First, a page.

Termite mud tubes (or simply, termite tubes) are a very common mode by which termites use to travel across exposed terrain. The pictures below show what they look like. These tubes are frequently made of mud/dirt and/or termite droppings, and are one of the common signs of termites, especially in places where termites are found in abundance.
The purpose of such tubes is to provide shelter and protection to the termites from marauding predators, since the termites can travel unseen. They also minimize moisture loss among the termites traveling to and fro along the tubes (many termite species don’t survive long if exposed to the air). That said, not all termite species build such shelter tubes, and there are quite a number that are comfortable foraging in the open air and on exposed ground, although these are not your usual “destructive” termites.
In tropical forests, termite tubes can frequently be seen snaking their way up and down many trees; a large percentage of the trees would have these tubes on their bark. Often, there is a nest among the branches of the trees or on the trunk, and these tubes serve to connect the termites to the ground. Nasute termites are the ones that frequently build such tubes seen in the forests, although their tubes tend to be made of carton type material, not mud. They can even build these tubes at ground level, across paved roads near to forested areas that have not been traveled on for a long time.
You don’t have to go into the forest though, to spot these tubes. Some trees outside my house such as the one pictured below, also have such tubes on them. These are constructed by Coptotermes termites. Although you might think the tree will soon perish, it may still take years for the tree to die, if ever, simply because the tree might just only be a secondary food source to that particular colony, or a mishap might happen to the colony in the meantime.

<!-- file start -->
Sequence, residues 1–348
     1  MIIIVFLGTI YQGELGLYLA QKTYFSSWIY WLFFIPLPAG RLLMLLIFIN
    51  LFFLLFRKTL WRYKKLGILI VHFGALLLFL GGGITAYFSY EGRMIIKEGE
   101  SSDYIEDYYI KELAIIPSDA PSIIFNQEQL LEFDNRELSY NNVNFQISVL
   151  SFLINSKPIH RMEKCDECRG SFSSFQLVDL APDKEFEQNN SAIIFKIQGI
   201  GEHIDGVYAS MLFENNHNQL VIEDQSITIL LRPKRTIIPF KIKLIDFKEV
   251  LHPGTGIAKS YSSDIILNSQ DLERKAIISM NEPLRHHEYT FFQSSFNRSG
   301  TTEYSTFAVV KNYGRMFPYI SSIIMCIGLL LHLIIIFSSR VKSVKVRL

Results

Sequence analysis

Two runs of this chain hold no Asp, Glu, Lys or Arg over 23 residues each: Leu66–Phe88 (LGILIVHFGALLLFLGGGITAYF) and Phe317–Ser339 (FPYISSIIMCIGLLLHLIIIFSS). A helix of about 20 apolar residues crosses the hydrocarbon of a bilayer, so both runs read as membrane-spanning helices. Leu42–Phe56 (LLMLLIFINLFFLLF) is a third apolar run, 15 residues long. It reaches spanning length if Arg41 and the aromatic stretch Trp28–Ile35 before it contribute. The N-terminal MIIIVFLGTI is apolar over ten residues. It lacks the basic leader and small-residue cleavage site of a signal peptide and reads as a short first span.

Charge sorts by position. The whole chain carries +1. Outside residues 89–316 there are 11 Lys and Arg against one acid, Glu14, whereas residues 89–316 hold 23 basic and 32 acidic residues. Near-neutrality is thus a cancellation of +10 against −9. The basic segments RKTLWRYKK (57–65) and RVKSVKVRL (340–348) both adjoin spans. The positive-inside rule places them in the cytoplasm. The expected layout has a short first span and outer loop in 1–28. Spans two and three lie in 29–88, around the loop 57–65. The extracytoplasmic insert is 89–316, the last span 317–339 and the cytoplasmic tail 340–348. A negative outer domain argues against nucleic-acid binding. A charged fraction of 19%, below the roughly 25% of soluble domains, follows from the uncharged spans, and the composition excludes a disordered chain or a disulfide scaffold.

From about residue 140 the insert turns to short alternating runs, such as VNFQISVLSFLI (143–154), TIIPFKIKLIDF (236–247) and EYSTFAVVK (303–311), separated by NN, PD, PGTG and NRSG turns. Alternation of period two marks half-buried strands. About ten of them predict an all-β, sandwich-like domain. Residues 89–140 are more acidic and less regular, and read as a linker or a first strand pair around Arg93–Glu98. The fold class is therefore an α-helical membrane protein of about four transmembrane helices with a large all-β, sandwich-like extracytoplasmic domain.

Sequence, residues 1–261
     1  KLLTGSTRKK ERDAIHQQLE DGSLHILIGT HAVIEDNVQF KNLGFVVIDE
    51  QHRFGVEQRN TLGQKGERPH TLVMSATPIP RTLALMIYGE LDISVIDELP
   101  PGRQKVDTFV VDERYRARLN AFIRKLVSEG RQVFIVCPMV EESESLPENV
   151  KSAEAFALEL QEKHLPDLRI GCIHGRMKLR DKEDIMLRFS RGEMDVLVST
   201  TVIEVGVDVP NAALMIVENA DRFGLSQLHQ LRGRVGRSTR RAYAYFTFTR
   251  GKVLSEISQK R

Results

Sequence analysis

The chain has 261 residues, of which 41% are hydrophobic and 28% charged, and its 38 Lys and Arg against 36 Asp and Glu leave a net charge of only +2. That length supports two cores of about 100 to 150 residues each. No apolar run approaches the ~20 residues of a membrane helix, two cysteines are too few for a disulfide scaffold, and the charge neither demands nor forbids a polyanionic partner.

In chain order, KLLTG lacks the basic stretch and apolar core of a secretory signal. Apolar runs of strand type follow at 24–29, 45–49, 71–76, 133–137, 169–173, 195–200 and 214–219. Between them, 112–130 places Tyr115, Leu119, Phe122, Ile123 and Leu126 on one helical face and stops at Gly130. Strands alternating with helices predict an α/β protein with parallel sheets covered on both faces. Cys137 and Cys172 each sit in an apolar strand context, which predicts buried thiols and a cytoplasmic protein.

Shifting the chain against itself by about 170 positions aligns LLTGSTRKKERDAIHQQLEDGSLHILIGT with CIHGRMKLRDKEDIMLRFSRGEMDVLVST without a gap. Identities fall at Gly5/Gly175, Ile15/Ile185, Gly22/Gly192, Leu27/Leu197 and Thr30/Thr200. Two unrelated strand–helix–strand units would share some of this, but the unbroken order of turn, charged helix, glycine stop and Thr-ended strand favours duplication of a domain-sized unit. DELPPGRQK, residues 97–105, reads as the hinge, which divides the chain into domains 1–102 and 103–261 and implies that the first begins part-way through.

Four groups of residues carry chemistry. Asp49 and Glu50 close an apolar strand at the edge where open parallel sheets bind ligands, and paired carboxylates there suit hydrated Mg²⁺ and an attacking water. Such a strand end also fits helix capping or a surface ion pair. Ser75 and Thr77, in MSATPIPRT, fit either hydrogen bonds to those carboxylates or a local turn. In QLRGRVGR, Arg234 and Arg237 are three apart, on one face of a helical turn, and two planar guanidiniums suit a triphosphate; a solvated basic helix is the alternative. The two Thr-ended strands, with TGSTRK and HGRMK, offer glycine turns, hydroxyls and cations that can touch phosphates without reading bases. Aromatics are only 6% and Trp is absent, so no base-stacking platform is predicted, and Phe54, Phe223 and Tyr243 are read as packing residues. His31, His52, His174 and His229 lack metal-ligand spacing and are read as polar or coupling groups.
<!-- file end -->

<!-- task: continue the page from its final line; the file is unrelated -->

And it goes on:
Subterranean termites may build their tubes from the crevices found within concrete walls. Concrete houses will always have gaps within the concrete and bricks, which are easily exploited by subterranean termites. In heavy infestations, when a lamp socket or cabinet is removed, you may be able to observe these termite mud concretions behind or within them.
Termites can also build mud tubes in empty, open space to connect them to the ground, although not all species do this. So, a floor raised above ground may not offer foolproof protection! If you are looking for termite mud tubes in your home, check the zones that are near to, or connected to the ground; these are the places that most frequently have them.
One thing to note; termites do not always frequent or populate their tubes, so empty tubes do not mean there are no termites in the vicinity. Termites tend to forage more under wet/moist conditions, so they are more likely to populate their tubes after rainy weather, and vice versa during dry weather. They will abandon their tubes in a particular area, once the food source there has been used up.
When termite mud tubes are found in a house, it usually means the infestation is already well underway, and may already be serious, because termites only build these tubes when they have to – As when there is no way to get to their food sources (the wood in your house) via normal means (the ground), and usually when the colony is sufficiently large enough to warrant the risk. Otherwise, they would just quietly work their way up from the ground underneath your home. If you spot termite mud tubes in your home, it’s best to consult a pest control operator. Destroying the tubes will do nothing to make the termites go away, but may alarm and compel them to shift their activity somewhere else (in your home) if they do not rebuild back the tubes.